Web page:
As for the look of the heat map that gets generated on the FF/FL report, I wouldn't be too concerned with the colors as those heat maps are auto generated and don't seem to be the most accurate elevation maps you can generate. We use them as more of a quick idea of the highs/lows of a floor tested. Just setup your elevation mapping and export seperate elevation heat maps using either the built in tools with CloudWorx. We like to setup the elevation mapping, then add spot elevations (cogo points) and then export everything on one document. It has much higher resolution and detail for the color mapping and you have the spot elevations every few feet. See the attached as a simple example.

With CloudWorx and the FF/FL testing, it follows the ASTM 1155 standard, so when you set it up, I believe you should only be testing one point every 1' (I don't deal with metric, so I don't know if it would differ at all). Testing every 1', you need to have an area with a minimum of 10'x10' tested to meet the standard's requirement. If you change the interval, it will change the values it spits out for the composite FF/FL produced. When I change the interval to something smaller than 1', it seems to produce higher composite FF/FL numbers, but I don't believe that is standard and isn't how it should be used. Also, when you setup a test with the CloudWorx plugin, make sure all your lines do not run over any holes in the point cloud or areas containing points that are clearly not the slab you want to test. CloudWorx could grab a point from the holes or surface (such as feet or extension cords) and it could throw off your report. We only draw custom lines instead of using the prebuilt templates to ensure our lines tested avoid any points/objects that would fail the test.
You do not have the required permissions to view the files attached to this post.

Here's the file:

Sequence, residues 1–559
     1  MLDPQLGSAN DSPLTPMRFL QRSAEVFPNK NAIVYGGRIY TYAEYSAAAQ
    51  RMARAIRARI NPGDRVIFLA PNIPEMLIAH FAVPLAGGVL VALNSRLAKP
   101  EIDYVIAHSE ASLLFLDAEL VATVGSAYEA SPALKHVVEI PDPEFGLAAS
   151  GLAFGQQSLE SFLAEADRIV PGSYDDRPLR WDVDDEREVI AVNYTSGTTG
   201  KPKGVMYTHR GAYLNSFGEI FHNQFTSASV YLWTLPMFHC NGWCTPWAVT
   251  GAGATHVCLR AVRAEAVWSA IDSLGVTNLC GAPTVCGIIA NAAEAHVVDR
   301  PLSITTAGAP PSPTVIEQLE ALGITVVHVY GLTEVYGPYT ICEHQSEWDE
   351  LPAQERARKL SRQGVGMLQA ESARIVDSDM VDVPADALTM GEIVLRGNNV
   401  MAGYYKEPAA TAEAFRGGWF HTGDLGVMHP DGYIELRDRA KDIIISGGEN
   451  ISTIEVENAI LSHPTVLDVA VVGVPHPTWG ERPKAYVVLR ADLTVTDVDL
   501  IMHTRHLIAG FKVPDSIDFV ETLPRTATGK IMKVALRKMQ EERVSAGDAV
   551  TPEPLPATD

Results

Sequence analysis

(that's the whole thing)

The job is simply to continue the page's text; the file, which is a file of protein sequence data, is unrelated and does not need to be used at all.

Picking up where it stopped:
Mackkowalski
I have made 20-30 posts
I have made 20-30 posts
Posts: 25
Joined: Sun Sep 08, 2019 11:19 pm
4
Full Name: Mack kowalski
Company Details: Conco construction
Company Position Title: Layout manager
Country: USA
Linkedin Profile: Yes
Has thanked: 2 times
Been thanked: 1 time

Re: Floor Flatness Help Request

Post by Mackkowalski »

Make sure to read the ASTM before you perform a ff/fl. There is no magic button. The ACI has done several tests and have found inconsistent results. That being said using scan data in this manner is a waste in my opinion. You’re throwing out millions of data points in favor of a few. I have been fighting to update floor testing methods as laser scanning gives us a better representation of the entire floor as well as actionable data
mbmiller34
I have made <0 posts
I have made <0 posts
Posts: 3
Joined: Thu Nov 17, 2011 8:56 am
12
Full Name: Mark Miller
Company Details: NAIT
Company Position Title: Student
Country: Canada

Re: Floor Flatness Help Request

Post by mbmiller34 »

Thanks Kruse, I didn't understand how to properly use the software and had the wrong interval set. It made a lot more sense once everything was set to 1'. And I agree Mackkowalski, to take a scan of millions of points and doing it every 1' seems like a waste of data. I'm only a surveyor what do i know hah.

I originally created a heat map with spot elevations and even profile lines but then it was kicked back as they wanted to confirm if it complied with the spec which was an FF of 30.